Less is known about whether having frequent family meals is similarly associated with better dietary intake and other weight-related behaviors in adults, due to limited research and inconsistent findings across existing studies. One study found that there was no association between frequent family meals and mothers’ dietary intake (e.g. fruit, vegetables, fat) (Boutelle, Birkeland, Hannan, Story & Neumark-Sztainer, 2007), while other studies have found that there was a significant inverse relationship between frequency of family meals and body mass index (BMI) for parents, (Sobal & Hanson, 2011) and for children and their parents (Chan & Sobal, 2011). In addition, a study primarily of mothers of adolescents, found that parents who purchased fast food for family meals three or more times per week were significantly heavier than parents who did not purchase fast food for family meals (Boutelle et al., 2007). Although these previous studies suggest that there is an association between the frequency of family meals and lower BMI for parents, there are limitations with the studies including small sample sizes and low racial/ethnic and socio-economic diversity. In addition, limited outcomes (e.g. BMI) were measured in past studies, leaving important unanswered questions about the association between family meal frequency and other important outcomes such as dietary intake, fast food intake, and disordered eating behaviors which could provide a more comprehensive picture of parent weight-related health behavior outcomes.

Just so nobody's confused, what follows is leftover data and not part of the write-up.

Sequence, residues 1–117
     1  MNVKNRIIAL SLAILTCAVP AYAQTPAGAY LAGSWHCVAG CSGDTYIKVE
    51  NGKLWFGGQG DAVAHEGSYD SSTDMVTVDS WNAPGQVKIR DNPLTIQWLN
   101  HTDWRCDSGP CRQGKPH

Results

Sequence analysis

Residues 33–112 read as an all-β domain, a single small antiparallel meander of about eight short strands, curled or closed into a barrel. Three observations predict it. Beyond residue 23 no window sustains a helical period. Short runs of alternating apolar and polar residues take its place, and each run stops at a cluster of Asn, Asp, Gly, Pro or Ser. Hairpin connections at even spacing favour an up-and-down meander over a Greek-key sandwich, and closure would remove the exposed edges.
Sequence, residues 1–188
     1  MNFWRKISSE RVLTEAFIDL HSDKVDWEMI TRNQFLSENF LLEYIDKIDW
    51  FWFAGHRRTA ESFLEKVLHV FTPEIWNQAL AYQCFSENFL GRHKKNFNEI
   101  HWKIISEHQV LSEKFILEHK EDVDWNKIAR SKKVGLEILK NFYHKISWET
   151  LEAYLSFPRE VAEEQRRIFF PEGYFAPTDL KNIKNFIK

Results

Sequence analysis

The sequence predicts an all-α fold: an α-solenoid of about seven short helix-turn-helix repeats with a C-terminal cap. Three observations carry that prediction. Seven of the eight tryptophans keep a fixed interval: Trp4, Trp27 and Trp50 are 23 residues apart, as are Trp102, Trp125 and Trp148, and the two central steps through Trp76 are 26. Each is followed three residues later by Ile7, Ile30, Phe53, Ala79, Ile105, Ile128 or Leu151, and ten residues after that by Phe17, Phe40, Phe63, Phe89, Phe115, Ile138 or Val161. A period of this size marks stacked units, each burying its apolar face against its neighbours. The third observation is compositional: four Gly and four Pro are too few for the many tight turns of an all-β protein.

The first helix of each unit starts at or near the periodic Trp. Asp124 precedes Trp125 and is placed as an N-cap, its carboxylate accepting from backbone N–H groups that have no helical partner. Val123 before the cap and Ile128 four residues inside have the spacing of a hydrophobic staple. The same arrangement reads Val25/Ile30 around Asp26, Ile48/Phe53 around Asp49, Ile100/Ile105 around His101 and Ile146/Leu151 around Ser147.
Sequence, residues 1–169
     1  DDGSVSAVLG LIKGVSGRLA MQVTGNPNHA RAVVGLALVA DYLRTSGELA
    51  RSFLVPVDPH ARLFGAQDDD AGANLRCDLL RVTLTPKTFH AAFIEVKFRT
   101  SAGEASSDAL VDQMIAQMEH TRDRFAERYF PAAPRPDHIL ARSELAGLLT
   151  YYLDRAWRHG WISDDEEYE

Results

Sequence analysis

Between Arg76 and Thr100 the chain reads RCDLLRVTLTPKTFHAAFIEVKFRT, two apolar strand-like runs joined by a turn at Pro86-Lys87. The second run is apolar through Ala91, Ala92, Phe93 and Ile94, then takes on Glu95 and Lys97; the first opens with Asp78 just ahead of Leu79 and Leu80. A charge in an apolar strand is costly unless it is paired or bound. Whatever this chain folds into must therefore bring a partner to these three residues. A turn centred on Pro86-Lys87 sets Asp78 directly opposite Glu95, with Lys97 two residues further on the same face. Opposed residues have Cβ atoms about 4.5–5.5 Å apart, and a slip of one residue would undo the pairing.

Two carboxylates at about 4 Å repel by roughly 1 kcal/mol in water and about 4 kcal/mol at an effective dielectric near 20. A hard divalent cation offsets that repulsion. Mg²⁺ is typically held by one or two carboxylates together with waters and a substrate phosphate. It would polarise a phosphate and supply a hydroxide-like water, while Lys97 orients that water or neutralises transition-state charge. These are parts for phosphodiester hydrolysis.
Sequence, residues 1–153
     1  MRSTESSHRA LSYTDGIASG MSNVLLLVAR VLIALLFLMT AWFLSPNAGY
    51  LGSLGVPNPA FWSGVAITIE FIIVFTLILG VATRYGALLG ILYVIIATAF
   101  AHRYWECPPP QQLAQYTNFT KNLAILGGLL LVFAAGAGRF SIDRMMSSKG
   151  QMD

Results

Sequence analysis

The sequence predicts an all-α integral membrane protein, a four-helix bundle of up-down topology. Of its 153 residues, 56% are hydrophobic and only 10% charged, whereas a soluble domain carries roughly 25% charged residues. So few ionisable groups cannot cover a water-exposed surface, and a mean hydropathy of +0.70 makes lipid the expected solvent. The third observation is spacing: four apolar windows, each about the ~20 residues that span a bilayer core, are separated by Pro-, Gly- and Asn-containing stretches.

There is also limited research looking at the association between family meal frequency and weight and weight-related behaviors in parents across race/ethnicity or by parent marital status (LaVeist, Zeno & Fesahazion, 2010). Identifying whether there are differences by race/ethnicity or marital status (e.g. dual-headed vs. single-headed households) of the parent will provide important insights related to factors that may moderate the strength of the association between family meal frequency and parent weight and weight-related health outcomes. Although previous research on family meals and parent weight and weight-related outcomes has not looked specifically at racial/ethnic differences, studies using child and adolescent samples have. These studies have shown that the association between the frequency of family meals and more healthful dietary intake and less disordered eating behaviors in adolescents holds above and beyond racial/ethnic differences in youth (Gable & Lutz, 2000; Gillman et al., 2008; Neumark-Sztainer et al., 2003; Dianne Neumark-Sztainer et al., 2000), while other research has shown differences in family meal frequency and obesity across race/ethnicity in children (Rollins, Belue & Francis, 2010). In addition, the majority of research on dual-headed versus single-headed households and family meal frequency has focused on perceived barriers to family meals. This research has shown that married mothers report lack of time, limited cooking skills, and the effort involved in carrying out the meal (e.g. children’s picky eating, family conflict) as barriers to family meals, whereas single mothers report the cost of the meal as a major barrier and lack of time and cooking skills as secondary barriers (Berge, Arikian, Neumark-Sztainer & Doherty, in press; Fulkerson, Story, Neumark-Sztainer & Rydell, 2008; Fulkerson et al., 2011). Thus, research looking at whether the association between family meal frequency and parent weight and weight-related outcomes differs across race/ethnicity or by dual-headed versus single-headed households would be a next step in furthering the family meals literature.